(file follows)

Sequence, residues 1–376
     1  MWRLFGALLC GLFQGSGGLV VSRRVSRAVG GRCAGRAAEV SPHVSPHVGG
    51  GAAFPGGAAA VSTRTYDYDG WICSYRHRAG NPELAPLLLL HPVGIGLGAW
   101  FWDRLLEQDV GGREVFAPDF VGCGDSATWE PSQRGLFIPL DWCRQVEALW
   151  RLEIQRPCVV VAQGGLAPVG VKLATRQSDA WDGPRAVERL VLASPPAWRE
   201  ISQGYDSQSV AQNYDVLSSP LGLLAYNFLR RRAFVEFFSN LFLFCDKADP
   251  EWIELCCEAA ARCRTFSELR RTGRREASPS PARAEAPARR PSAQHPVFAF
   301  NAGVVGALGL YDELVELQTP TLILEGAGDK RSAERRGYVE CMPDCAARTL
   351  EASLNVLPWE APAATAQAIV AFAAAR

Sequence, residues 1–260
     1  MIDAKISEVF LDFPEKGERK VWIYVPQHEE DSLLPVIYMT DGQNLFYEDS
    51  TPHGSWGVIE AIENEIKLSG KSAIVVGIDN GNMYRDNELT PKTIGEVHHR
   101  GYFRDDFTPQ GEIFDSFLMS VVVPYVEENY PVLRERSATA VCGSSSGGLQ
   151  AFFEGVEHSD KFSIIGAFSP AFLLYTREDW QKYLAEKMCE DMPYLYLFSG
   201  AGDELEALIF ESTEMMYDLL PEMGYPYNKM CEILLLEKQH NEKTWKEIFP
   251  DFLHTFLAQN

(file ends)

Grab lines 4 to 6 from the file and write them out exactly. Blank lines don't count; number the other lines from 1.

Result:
   101  FWDRLLEQDV GGREVFAPDF VGCGDSATWE PSQRGLFIPL DWCRQVEALW
   151  RLEIQRPCVV VAQGGLAPVG VKLATRQSDA WDGPRAVERL VLASPPAWRE
   201  ISQGYDSQSV AQNYDVLSSP LGLLAYNFLR RRAFVEFFSN LFLFCDKADP